David Kirkpatrick

January 23, 2009

Bank nationalization backgrounder

Courtesy of the Wall Street Journal. The topic of bank nationalization is going to be all over the place for while. If you’re wondering what it’s all about and how it might affect your day-to-day banking hit the link. Plenty of material there on loans, disadvantages and more.

A sample from the primer:

What does “bank nationalization” mean?

A nationalized bank is owned and run by the government. The shocks of the credit crisis last fall spurred lawmakers to seminationalize the banking sector; nearly 314 institutions have already signed over some of their shares and other securities to the Treasury in return for $350 billion in government TARP funds. The government could now go a step further by taking complete ownership of certain troubled banks.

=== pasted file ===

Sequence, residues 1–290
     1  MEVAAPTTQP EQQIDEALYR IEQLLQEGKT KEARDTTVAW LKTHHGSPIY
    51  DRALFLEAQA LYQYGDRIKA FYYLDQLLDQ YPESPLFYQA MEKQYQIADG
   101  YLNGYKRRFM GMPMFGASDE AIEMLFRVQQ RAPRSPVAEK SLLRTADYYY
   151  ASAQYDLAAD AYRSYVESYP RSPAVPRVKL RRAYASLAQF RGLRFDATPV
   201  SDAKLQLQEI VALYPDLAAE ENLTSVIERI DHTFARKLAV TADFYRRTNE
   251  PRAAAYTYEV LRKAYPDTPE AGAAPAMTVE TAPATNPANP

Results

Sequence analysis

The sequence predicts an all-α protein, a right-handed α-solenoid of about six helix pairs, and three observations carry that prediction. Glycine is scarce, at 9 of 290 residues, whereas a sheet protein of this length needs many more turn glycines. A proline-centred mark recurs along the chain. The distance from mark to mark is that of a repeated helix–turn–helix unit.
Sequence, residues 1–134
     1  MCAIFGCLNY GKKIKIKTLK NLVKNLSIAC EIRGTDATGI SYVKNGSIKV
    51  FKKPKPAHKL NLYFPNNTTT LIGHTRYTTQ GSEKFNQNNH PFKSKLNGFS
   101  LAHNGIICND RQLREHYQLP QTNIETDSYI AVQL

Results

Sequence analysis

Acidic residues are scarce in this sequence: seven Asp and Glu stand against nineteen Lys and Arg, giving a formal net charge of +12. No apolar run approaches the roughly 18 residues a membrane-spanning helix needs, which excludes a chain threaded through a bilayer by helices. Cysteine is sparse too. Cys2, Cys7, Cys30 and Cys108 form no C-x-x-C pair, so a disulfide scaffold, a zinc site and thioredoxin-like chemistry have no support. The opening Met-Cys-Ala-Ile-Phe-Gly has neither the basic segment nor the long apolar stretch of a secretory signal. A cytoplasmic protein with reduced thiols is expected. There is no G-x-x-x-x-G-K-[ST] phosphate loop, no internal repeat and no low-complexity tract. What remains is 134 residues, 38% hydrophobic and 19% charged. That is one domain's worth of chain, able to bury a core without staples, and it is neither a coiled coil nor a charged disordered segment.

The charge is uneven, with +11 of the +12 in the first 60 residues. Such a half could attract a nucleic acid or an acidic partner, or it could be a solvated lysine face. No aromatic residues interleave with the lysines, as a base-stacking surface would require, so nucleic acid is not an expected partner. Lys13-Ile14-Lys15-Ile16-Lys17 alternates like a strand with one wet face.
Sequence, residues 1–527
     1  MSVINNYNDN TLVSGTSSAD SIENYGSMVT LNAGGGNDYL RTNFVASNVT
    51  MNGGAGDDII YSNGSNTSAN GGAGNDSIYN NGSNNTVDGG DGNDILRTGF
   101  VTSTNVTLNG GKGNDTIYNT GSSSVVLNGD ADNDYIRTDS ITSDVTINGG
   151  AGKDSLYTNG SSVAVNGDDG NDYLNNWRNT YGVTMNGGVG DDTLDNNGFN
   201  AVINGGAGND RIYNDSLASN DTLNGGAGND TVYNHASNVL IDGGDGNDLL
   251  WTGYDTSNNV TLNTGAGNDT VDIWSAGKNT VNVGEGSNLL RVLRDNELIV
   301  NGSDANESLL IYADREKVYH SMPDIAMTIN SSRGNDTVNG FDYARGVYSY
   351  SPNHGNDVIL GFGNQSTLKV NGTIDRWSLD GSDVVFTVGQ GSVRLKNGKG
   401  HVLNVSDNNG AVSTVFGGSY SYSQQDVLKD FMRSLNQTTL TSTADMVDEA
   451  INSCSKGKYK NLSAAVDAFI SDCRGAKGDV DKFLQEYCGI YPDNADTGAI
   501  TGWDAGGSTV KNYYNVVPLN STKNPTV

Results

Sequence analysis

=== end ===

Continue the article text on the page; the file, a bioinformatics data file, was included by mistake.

Why nationalize banks?

It makes sense only if banks are in danger of failing. In Western countries, nationalization is largely used as an emergency method to prop up banks during tough times. It is typically used to lend to small and medium-sized businesses and restructure burdensome loans to consumers.

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